REAL ESTATE: How coronavirus will shape the smart workplaces of the future
Workspaces have gone virtual as employees hunker down at home to help flatten the coronavirus curve. In many cases, buildings, businesses, and employees have begun to adjust to working remotely. Now is the time for commercial real estate (CRE) companies to plan for what is almost certain to be a new way of work once the pandemic subsides.
It’s clear that the office in a post-pandemic world will be more virtual. And when more people realize they don’t need an office to get work done, the impact will be very much like that of e-commerce on shopping malls: People don’t go to malls to buy things anymore; instead, they go for community, social interaction, and experiences.
So, how does the asset class evolve? The purpose of office space will be to bring people together emotionally and collectively, rather than functionally aligning to a role at a desk. You can bet that once lockdowns have been lifted, workers won’t talk about how much they missed their physical buildings. It’s the local luncheonettes and happy hour spots or the latest batch of Netflix binge updates shared during a midmorning walk to the coffee shop that are truly missed.
In fact, the “un-office” of tomorrow might look more like a kitchen where people are cooking together or a pub where people are communally sipping beers. The office will no longer be thought of as a factory of people and processing. Rather, it will become a place where workers come together emotionally and socially to connect and bond.
Building owners and operators have a window of time to rethink their office design. Those who understand that the purpose of the office is evolving, and are prepared to adapt quickly, will come out on top. As CohnReznick’s Real Estate Advisory Services Leader Julie Miner shared in her article “The Human Element Within a Digital Community,” “What’s needed is a holistic, human-centric strategy that carefully integrates digital services and office facilities.”
The coronavirus pandemic also emphasizes the need for healthy buildings and augmented workplace wellness. Air quality and ventilation, for example, will become a greater priority. Ample fresh air helps to dilute airborne germs, and research indicates that higher humidity could help prevent viruses from spreading rapidly. Smart buildings could also be designed to collect information on the behavior of people working inside to help inform decision-making in a crisis.
Building automation will continue to increase, but it will also become touchless. Awakened to the contagious nature of the coronavirus, people will be increasingly reluctant to touch objects like light switches, elevator buttons, and thermostats. Building designers should already be considering touchless automation like hands-free doors, voice-activated elevators, and phone-controlled door locks.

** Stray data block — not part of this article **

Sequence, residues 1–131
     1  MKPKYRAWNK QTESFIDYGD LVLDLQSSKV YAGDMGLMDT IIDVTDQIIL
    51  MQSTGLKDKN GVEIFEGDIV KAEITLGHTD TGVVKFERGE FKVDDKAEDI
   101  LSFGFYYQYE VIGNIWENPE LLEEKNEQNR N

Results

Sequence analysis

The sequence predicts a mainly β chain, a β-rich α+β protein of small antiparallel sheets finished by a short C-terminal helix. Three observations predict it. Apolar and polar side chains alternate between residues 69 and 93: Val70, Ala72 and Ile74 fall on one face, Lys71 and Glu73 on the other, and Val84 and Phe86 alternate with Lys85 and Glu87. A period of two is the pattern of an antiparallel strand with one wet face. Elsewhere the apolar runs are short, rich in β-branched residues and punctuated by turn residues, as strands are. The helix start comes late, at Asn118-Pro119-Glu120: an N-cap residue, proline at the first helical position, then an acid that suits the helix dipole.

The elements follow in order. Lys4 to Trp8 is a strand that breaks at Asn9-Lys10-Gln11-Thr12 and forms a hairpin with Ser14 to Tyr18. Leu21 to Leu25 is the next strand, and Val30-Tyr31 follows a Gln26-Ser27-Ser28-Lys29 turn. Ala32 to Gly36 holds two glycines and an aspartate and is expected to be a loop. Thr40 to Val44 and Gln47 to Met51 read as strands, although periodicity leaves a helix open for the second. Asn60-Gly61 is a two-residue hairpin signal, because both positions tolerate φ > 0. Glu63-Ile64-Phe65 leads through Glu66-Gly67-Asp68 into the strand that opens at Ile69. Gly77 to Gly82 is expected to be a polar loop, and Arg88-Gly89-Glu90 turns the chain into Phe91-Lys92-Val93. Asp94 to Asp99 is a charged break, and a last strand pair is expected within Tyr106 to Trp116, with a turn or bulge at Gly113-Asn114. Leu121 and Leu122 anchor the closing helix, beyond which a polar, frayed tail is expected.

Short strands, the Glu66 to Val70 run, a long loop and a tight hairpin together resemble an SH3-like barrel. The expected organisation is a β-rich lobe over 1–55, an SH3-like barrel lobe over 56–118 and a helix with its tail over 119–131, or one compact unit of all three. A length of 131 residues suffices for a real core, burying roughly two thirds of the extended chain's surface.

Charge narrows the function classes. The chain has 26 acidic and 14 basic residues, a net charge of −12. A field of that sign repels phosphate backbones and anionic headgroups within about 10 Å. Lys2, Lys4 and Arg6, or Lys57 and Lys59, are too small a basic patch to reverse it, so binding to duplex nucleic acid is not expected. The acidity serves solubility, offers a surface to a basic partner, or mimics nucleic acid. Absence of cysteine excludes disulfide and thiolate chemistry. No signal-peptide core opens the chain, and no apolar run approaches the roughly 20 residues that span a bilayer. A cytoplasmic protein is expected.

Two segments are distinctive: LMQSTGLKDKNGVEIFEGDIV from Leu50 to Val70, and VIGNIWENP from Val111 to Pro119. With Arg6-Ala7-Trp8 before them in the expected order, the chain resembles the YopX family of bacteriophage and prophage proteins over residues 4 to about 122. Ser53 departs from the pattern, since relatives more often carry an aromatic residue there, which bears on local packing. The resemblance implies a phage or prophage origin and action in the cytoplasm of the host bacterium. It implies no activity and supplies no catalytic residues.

Tomorrow’s smart buildings will likely be outfitted with infrared monitors that can automatically screen occupants’ body temperatures as they enter the building or sit at their desks. Those with a fever might be asked to go home for rest and recuperation. This type of temperature screening was successfully used in airports and office buildings in Singapore, Taiwan, and South Korea to help contain the coronavirus early in those countries.
This level of intervention, however, can expose sensitive private information. The collection of personal data and the use of technologies like artificial intelligence and facial recognition will be contentious. To ease concerns, CRE firms will need to develop interconnected systems with data privacy built in by design. The ability to protect private information will become a wider pedigree of a truly intelligent building. Privacy will become an amenity just like an on-site gym or dry cleaning service.
The focus on wellness in a post-coronavirus world will also extend to mental health. While we don’t yet understand the full emotional impact of unanticipated remote work, we do know that isolation can have a serious impact on mental health.
That’s because work delivers a sense of purpose and a paycheck, but also eight hours of daily social connection and interaction. A workspace provides the opportunity to chat around a coffee machine, grab a sandwich at lunchtime, or share beers after work. Remote work strips away these human interactions, creating a sense of isolation that can degrade mental health.
Companies will now need to pay greater attention to the mental health of their employees. Doing so will require heightened human observation to watch for signals of distress. To that end, managers will need to be thoughtful and intentional in their relationships with others. They must become familiar with what stress looks like and be prepared to act.
Certain technologies can be harnessed to monitor mental states. Biometric sensors, for instance, can be coupled with facial recognition software to look for signs of stress in a person’s face. Other types of sensors can measure how forcefully a person shuts a door or flips a light switch, signaling emotional stress.
The Human Element Within a Digital Community
Coronavirus Resource Center